255. Paper Prepared by the Ambassador to Guinea (Attwood)0
SUGGESTED APPROACH TO TOURE
As I understood our last conversation, his [Toure’s] priorities are industrialization and education. These priorities are quite consistent with the aims of US aid programs in Africa. Therefore, we are prepared to propose to Guinea US aid for a comprehensive, balanced development program1 to include:
- A dam on the Konkoure River capable of providing sufficient power for a network of light industry within two years.
- Assistance in detailed planning of a diversified industrial center geared to Guinea’s three-year plan and powered by the dam.
- Increased generating capacity at Grande Chutte to meet Conak-ry’s immediate needs plus a quick start on essential plants.
- A training program—including staff and equipment—to prepare skilled Guinean administrative and technical personnel for positions in both industry and government.
- Assistance in expanding facilities for higher education at the projected University at Delaba.
- Staffing of an expanded English-teaching program under the Ministry of Education.
- An offer of food and other commodities in the US which would generate local currency as required to finance above projects.
- A Peace Corps contingent to be placed at the disposal of the Guinean Government for ancillary projects urgently needed by Guinea—these to be decided upon in consultation with Mr. Shriver.
We count on maximum Guinean participation in all phases of the program. The keynote of US aid is not charity but cooperation.
To speed the programming and implementation of the development program, an ICA mission consisting of ______ will arrive in Guinea on June ____.
To determine the scope and nature of the Peace Corps program, Mr. Sargent Shriver will be in Guinea on June ____ as President Kennedy’s personal representative and can discuss the matter with him then.
To facilitate the financing of portions of the program, we will urge a representative of the IBRD to come to Conakry to discuss with him the advantages of joining the IBRD.
(If mention is made of the big Konkoure Dam and/or smelter)
The USG is primarily interested in creating the conditions for sound economic development aimed at raising living standards. We feel that the program we propose is better designed to meet Guinea’s immediate problems—such as employment, production and education.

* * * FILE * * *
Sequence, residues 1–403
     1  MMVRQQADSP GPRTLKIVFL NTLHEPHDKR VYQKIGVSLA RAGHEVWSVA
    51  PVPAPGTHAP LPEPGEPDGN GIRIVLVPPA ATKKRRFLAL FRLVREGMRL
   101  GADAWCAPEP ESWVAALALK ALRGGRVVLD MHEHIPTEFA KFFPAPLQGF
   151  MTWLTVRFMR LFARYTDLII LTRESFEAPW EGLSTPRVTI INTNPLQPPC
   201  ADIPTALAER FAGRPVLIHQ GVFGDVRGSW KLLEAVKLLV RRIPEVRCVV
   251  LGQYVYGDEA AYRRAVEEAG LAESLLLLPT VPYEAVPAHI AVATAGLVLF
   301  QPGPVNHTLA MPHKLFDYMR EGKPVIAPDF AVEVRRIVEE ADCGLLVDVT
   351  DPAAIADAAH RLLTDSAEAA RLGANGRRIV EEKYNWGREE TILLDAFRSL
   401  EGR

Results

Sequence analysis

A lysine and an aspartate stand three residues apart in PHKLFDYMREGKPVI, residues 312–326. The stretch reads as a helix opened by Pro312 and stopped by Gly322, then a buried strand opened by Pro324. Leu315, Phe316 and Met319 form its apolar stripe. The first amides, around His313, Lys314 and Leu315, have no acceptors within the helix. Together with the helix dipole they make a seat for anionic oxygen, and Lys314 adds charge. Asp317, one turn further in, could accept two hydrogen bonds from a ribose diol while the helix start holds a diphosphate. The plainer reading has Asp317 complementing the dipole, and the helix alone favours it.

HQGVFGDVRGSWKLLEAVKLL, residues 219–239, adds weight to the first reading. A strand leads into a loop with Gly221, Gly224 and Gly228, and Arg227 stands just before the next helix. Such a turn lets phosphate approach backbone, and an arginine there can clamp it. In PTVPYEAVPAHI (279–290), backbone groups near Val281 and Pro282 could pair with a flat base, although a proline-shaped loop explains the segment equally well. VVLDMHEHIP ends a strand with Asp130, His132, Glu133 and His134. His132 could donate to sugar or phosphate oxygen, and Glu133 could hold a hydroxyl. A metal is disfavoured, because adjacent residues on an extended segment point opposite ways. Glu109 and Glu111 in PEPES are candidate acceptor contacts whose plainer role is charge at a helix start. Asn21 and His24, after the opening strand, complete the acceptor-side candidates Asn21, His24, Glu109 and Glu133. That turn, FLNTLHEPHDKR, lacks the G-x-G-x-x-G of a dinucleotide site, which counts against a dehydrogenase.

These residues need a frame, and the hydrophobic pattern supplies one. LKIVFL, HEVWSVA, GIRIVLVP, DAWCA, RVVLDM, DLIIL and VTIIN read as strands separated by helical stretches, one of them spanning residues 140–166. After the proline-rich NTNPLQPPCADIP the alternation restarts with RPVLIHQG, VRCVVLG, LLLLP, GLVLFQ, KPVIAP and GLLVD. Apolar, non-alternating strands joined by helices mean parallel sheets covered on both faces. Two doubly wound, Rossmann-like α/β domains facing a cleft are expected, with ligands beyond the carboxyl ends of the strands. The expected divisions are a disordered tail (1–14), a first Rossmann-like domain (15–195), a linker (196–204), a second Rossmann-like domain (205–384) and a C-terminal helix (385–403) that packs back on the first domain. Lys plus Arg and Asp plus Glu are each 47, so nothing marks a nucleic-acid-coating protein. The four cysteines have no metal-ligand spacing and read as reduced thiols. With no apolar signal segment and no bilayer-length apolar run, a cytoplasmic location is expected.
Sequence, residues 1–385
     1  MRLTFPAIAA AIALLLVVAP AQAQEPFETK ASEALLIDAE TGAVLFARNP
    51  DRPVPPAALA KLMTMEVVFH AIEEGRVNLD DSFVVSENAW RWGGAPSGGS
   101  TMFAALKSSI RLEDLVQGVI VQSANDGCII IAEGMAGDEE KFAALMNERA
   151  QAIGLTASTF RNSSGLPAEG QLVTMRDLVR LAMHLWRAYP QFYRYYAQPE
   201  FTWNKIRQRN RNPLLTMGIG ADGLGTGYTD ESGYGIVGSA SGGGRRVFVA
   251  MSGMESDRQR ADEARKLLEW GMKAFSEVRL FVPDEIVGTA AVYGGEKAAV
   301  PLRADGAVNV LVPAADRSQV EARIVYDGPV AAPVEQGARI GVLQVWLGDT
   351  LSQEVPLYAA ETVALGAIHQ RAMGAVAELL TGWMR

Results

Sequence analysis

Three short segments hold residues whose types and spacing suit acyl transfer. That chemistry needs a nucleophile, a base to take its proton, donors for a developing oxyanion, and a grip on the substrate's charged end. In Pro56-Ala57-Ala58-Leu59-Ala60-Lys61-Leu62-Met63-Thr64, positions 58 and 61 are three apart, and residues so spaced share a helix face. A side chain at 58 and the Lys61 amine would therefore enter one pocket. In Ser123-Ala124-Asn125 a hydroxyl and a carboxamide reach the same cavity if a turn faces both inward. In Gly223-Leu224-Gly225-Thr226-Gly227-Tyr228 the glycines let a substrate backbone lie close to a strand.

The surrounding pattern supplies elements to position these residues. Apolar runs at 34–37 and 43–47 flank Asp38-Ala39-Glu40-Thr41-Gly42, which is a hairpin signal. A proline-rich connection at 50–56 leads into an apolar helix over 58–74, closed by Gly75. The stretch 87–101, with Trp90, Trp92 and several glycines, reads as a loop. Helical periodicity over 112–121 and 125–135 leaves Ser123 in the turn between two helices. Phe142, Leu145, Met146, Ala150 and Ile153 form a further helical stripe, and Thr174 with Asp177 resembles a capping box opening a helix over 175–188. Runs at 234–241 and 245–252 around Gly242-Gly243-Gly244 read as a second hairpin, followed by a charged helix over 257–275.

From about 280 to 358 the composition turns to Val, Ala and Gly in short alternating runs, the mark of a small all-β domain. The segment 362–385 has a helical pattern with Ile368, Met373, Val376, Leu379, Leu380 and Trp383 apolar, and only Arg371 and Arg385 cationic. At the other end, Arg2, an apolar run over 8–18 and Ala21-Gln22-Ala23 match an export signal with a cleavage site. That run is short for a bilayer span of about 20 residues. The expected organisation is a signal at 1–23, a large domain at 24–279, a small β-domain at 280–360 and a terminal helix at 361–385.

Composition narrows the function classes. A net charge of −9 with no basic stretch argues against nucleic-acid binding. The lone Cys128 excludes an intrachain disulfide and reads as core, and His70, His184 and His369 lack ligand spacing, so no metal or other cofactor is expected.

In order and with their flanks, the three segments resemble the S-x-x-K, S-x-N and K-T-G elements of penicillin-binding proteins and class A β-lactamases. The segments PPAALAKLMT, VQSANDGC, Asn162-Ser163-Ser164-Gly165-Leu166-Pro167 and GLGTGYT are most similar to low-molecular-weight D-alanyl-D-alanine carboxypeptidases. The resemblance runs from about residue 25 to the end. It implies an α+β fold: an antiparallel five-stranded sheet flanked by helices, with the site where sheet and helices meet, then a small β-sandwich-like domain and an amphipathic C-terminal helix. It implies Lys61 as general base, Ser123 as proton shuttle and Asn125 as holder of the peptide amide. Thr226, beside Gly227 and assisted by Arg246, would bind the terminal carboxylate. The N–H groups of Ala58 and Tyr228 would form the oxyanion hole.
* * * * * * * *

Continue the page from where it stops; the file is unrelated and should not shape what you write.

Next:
The big dam and smelter are essentially designed to support and expand the existing bauxite industry and will not show results for several years. We doubt if the American people will set aside this much money at this time for an African project that will not directly or promptly benefit people.
Our proposed program does not rule out the eventual construction of a big dam and smelter. Much depends on the trend of the world aluminum market. The private companies involved in the Fria and Boke might well be more disposed to reconsider the financing of this project in the future.
(If he says he is obliged to accept the Russianoffer to build the dam and smelter)
I will have to return to Washington to determine how this would affect our proposal. The problem is not that we object to his accepting Russian aid. The problem is that Russian preemption of Konkoure [Page 394] hydroelectric power for their purposes might make our development program no longer feasible.2
- Source: Kennedy Library, National Security Files, Countries Series, Guinea, 1/61-5/61. Secret. Drafted by Attwood during his Washington consultations.↩
- Attached to the source text but not printed is a 15-page paper entitled “A US Aid Program for Guinea.”↩
- On May 25, Ambassador Attwood met with President Kennedy and outlined the proposed aid program for Guinea, which had been approved at a conference of representatives of the several interested bureaus and ICA. The President commented that if they could find the money, it looked good to him. (Department of State, AF/AFW Files: Lot 64 D 93, Guinea Aid Package 23.4) On May 31, Attwood presented the integrated U.S. aid proposal to President Sekou Toure in Conakry. (Telegram 537 from Conakry, June 1; ibid., Central Files, 770B.5-MSP/6-161)↩